Urbanization and Hunting Moratorium Put More Mountain Lions Into a Smaller Area
The last of the true mountain lion hunters in Orange County was the late Leo F. Douglass, a leathery, tobacco-chewing, squinty-eyed man who bagged his first lion in 1928.
In 1970, at the age of 77, he made his final kill--before a moratorium was declared on hunting the big cats whose numbers were feared to be dwindling.
Douglass’ tracking and shooting of the animal was not done strictly for sport.
“This friend of mine, Ermine Smith, put 12 Shetland ponies in a corral up near the head of Fremont Canyon and went off on vacation,” Douglass said in a 1973 interview. “I told him, Ermine, as sure as you’re born, a mountain lion’s gonna get ‘em.”
Douglass was right.
When Smith got back from his vacation, only seven ponies were alive. All that was left of the others were some hair and bones. Douglass and his hounds tracked and treed a 110-pound female, and he shot her with his pistol.
As development and urbanization move farther into the Orange County backcountry, mountain lions and other wildlife are “getting squeezed,” said Jeffrey B. Froke, western area manager for the National Audubon Society’s Starr Ranch Sanctuary.
Indeed, a 5-year-old girl, Laura Michele Small, was mauled on March 23 on the northern border of Ronald W. Caspers Wilderness Park near San Juan Capistrano. Froke said the concentration of animals “is increasing to the point where the habitat won’t support them.”
This does not necessarily mean that mountain lions will be showing up in everybody’s backyard seeking food and water, experts say. But it’s more likely that the creatures will retreat farther into the hills. Since each individual cat’s territory will be reduced, they may eventually roam out of the Orange County area.
After the hunting moratorium went into effect, Douglass, who had been a state bounty hunter in earlier years, worked with the state Department of Fish and Game to survey the mountain lion population in the Santa Ana Mountains bordering Orange County on the east.
By 1975, Douglass and Fish and Game biologists estimated that there were about 25 of the animals in the county’s backcountry, moving with fluid grace into the open glades where deer graze, but also using their amazing stealth to avoid being seen by human beings.
‘All Around the Place’
Froke, who has been studying the cats for seven years, said: “They are all around the place up here.” He said he has actually seen only one or two of the animals but, based on tracks and other signs, Froke believes that there are probably 20 to 35--"more likely 20"--mountain lions in the vicinity of the sanctuary, Caspers Park and nearby mountains.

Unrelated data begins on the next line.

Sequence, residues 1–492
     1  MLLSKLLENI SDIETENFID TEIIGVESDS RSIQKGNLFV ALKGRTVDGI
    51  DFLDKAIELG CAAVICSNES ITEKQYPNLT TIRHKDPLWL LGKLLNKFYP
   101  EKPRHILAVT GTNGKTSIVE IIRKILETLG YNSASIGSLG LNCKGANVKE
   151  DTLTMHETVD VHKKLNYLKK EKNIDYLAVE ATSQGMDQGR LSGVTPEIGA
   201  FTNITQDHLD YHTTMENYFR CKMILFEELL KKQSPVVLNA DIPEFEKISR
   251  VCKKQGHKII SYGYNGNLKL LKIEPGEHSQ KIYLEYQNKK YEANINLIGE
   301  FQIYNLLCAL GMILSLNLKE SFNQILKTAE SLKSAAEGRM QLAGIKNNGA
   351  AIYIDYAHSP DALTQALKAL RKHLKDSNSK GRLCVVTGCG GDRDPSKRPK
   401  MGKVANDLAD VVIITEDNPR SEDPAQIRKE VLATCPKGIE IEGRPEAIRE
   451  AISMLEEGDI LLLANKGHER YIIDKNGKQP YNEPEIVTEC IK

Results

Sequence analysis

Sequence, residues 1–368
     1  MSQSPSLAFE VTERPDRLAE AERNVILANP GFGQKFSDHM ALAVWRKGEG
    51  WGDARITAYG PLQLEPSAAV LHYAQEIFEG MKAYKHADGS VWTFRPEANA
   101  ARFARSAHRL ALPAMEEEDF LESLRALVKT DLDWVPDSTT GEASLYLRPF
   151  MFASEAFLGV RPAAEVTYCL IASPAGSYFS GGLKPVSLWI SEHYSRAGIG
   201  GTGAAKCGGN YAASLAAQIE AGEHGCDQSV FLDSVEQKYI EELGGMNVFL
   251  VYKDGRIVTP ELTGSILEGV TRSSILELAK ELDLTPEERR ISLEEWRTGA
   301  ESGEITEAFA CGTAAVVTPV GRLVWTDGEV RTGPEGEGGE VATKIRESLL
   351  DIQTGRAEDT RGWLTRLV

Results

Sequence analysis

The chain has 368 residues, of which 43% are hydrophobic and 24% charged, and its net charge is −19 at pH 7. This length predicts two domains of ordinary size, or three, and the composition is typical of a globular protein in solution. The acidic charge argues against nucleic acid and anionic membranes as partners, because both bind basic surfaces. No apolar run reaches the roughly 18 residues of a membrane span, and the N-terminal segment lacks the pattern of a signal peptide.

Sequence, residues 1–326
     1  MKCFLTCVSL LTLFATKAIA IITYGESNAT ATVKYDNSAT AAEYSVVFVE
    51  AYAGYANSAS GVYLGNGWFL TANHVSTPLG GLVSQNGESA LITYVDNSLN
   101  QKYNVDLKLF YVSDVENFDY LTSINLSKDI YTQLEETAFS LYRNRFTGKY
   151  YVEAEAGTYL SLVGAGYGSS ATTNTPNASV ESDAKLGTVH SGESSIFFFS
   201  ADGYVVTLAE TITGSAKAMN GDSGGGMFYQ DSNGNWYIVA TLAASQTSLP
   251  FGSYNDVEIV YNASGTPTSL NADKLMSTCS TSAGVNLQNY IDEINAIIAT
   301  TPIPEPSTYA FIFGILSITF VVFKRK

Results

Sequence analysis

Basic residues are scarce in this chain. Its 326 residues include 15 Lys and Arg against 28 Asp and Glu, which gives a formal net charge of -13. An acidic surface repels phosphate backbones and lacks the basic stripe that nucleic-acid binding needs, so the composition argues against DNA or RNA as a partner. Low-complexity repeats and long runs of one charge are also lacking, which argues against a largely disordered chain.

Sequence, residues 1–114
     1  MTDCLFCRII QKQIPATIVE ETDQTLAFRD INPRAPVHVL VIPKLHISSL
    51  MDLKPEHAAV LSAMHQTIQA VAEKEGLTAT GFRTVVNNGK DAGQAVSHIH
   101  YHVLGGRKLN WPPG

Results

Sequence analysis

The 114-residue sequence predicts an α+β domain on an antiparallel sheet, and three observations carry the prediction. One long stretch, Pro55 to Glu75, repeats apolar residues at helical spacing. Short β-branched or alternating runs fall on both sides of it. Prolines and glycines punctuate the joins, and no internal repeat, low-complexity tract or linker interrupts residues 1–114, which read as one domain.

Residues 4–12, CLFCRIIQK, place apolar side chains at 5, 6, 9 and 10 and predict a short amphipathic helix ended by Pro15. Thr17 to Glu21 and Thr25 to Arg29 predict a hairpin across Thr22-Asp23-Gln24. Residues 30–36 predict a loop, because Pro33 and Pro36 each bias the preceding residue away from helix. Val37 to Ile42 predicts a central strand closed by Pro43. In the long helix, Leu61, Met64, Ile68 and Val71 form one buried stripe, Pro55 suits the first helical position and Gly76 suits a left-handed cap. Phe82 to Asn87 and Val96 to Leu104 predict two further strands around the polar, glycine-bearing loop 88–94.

The lions are known to cover great distances. In some parts of the country, a single cat can have a “personal” territory of more than 200 square miles. Understanding those ranging grounds is considered important, since it could indicate where an expanding mountain lion population could be expected to roam as it is pressured by human activity.
The Audubon Society and other agencies, such as Fish and Game, believe that more information is needed about the lions, Froke said, and as a result a three-year, $140,000 study, funded by the federal government and a number of corporations, is planned to start about July 1.
“We’ll experiment with camouflaged towers and blinds to observe the cats, and we’ll attempt to tranquilize as many as possible so that we can attach radio transmitters to them,” he said.
Attack Not Explained
In this way, investigators will be able to get a more accurate head count, track the cats’ movements and determine the extent of their ranges.
As for the attack on little Laura Michele Small, Froke said he had “no answer, no strong hunch” to explain the incident.
“As far as I know, there has been no well-documented attack in California until last Sunday,” he said. “I don’t think it was typical for a normal lion to get into that kind of trouble. There had to be some kind of abnormality.
“It’s almost impossible for someone who really wants to see a mountain lion to go out and see one. They’re too secretive. For one to show up like that, it’s hard to understand.”
For anyone who might find themselves face to face with a mountain lion, Froke offered the following advice:
“Hold still, facing the lion, and try to make a lot of noise, yelling,” he said.
“Watch for his body movements, which are much like a house cat’s when it crouches and lashes its tail, and if it really threatens you, try to throw something at it--a rock or a stick.”